Just sign up at: www.cheriswalwell.com

Don’t forget to check out the other blog spots listed below for your convenience.


Blog Stops

Genesis 5020, August 15

Seasons of Opportunities, August 15

All-of-a-kind Mom, August 15

Bigreadersite, August 16

Emily Yager, August 16

Inspired by fiction, August 16

The Christian Fiction Girl, August 17

Book Bites, Bee Stings, & Butterfly Kisses, August 17

Daysong Reflections, August 17

Retrospective Spines, August 18

Spoken from the Heart, August 18

Kathleen Denly, August 19

Through the Fire Blogs, August 19

Christian Bookaholic, August 19

Maureen’s Musings, August 20

For the Love of Literature, August 20

Simple Harvest Reads, August 21 (Guest Review from Mindy Houng)

Godly Book Reviews, August 21

A Reader’s Brain, August 21

Truth and Grace Homeschool Academy, August 22

Betti Mace, August 22

Locks, Hooks and Books, August 22

Hallie Reads, August 23

Mary Hake, August 23

Inklings and notions, August 23

Abba’s Prayer Warrior Princess, August 24

For Him and My Family, August 24

Stephanie’s Life of Determination, August 24

Connie’s History Classroom, August 25

Pause for Tales, August 25

Debbie’s Dusty Deliberations, August 25

Babbling Becky L’s Book Impressions, August 26

Tell Tale Book Reviews, August 26

amandainpa, August 26

Blossoms and Blessings, August 27

Texas Book-aholic, August 27

janicesbookreviews, August 27

Back Porch Reads, August 28

Just the Write Escape, August 28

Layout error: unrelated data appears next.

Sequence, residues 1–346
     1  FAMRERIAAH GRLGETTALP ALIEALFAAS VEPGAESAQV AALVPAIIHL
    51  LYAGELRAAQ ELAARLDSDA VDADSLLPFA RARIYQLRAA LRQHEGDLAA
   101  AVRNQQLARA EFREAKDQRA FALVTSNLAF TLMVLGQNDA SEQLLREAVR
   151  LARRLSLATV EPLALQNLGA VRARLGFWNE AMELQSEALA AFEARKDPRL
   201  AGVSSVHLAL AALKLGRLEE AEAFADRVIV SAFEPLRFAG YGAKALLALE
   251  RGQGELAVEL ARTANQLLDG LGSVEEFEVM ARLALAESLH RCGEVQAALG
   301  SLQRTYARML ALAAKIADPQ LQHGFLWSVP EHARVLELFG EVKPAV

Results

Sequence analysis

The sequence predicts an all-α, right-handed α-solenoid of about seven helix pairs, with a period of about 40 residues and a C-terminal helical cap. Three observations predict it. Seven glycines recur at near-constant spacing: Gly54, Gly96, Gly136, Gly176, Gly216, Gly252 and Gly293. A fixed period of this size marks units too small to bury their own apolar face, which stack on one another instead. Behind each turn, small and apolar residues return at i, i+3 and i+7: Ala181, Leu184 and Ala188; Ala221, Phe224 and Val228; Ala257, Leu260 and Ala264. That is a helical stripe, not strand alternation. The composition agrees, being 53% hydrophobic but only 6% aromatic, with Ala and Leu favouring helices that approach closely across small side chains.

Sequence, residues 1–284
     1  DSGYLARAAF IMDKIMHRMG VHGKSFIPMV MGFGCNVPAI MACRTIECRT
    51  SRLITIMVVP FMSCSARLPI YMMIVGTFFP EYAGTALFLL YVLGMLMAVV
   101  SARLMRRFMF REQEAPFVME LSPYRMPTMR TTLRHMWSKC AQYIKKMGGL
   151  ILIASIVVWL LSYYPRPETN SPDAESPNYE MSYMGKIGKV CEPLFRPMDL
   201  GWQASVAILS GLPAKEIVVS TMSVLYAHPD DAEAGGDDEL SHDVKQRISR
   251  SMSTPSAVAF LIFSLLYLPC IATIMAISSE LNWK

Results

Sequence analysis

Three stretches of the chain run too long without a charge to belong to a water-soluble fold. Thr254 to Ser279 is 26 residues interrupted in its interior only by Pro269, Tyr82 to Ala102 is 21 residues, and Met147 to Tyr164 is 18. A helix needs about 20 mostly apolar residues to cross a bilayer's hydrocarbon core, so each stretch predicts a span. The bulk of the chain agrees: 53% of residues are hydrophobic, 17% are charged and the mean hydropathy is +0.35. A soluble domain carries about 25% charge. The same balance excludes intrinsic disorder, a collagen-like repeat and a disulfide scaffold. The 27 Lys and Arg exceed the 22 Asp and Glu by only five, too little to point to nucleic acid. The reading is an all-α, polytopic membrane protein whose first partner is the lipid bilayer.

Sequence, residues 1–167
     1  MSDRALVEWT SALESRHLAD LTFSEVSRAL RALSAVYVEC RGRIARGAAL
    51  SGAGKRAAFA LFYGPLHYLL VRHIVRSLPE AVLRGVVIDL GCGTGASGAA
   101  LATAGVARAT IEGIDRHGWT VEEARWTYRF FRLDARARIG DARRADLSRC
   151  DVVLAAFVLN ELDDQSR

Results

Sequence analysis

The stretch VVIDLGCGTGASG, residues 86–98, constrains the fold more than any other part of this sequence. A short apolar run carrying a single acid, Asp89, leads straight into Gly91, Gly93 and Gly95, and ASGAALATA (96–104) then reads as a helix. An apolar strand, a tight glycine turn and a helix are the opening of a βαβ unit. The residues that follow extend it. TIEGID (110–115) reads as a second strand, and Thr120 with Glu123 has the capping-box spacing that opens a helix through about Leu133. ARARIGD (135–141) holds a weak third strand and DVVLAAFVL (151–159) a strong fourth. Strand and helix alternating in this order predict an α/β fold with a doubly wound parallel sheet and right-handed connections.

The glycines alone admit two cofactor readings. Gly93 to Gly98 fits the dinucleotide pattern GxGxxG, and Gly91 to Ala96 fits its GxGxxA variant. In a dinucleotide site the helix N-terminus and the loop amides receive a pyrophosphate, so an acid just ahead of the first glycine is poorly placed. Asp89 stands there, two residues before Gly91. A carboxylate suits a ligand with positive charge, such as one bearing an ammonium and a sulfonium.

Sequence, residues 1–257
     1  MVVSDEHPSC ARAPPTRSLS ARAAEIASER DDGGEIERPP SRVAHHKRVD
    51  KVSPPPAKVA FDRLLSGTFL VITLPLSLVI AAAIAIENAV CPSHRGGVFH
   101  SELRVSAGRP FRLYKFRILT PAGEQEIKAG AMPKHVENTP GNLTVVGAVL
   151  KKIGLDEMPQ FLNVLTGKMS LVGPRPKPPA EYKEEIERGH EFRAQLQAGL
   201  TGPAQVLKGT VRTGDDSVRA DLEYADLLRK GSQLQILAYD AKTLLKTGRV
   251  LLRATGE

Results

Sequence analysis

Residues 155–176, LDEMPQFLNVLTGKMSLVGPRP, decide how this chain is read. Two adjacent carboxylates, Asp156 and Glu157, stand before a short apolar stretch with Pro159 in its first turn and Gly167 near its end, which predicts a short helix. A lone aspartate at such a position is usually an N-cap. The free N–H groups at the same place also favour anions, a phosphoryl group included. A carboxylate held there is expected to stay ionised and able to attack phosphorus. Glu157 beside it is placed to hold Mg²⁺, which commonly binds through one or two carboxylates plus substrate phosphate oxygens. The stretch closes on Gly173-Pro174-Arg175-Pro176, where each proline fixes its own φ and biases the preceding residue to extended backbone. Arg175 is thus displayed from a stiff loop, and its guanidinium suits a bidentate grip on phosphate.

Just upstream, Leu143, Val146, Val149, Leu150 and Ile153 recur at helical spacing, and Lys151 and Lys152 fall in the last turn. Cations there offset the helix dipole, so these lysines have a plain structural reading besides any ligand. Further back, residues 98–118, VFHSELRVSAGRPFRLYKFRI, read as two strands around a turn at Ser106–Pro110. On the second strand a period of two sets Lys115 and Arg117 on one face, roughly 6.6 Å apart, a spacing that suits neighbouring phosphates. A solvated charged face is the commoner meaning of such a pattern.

To celebrate her tour, Angie is giving away a grand prize package of a $25 Amazon gift card and a paperback copy of each of the books in the series!!Be sure to comment on the blog stops for nine extra entries into the giveaway! Click the link below to enter.


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Listen without interruption.


I have to admit, more often than I like, I’m bad at this. I listen to correct or train my children. I listen to defend with certain people. I listen to encourage and empathize with others, but when do I just listen without interruption?


I have a friend who is going through some tough stuff … heartbreaking, tough stuff. And with her, I’m learning how to listen without interruption.

I admit to her I don’t have any answers. I don’t have encouragement to offer except, “I’m praying for you, all the time.”


Sometimes, our friends don’t need advice. They simply need us to listen. To care. To offer a hug or a shoulder or a brownie. To be quiet and let them talk.


How hard (or easy) is it for you to just listen when a friend is hurting … or just needs to be understood?


© Cheri Swalwell 2019

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I have told my kids from the time they were little that it’s not my job as their parent to make them happy; it’s my job to teach them the values and skills they need to be fully functioning adults.


After they get over the initial shock of thinking I don’t care about their happiness (I do, it’s just not my goal for their lives to be happy), they soon realize the condition of their soul is my primary focus.


As a result, our family has many conversations about values, morals, what would you do in different situations, as well as the “why” behind the direction …, and more. I have 18 years to introduce them to their Heavenly Father, teach them to put their trust in Him, learn to listen to His voice, and grow their heart to desire to obey His Word. Trust me when I say it’s over in a blink of an eye.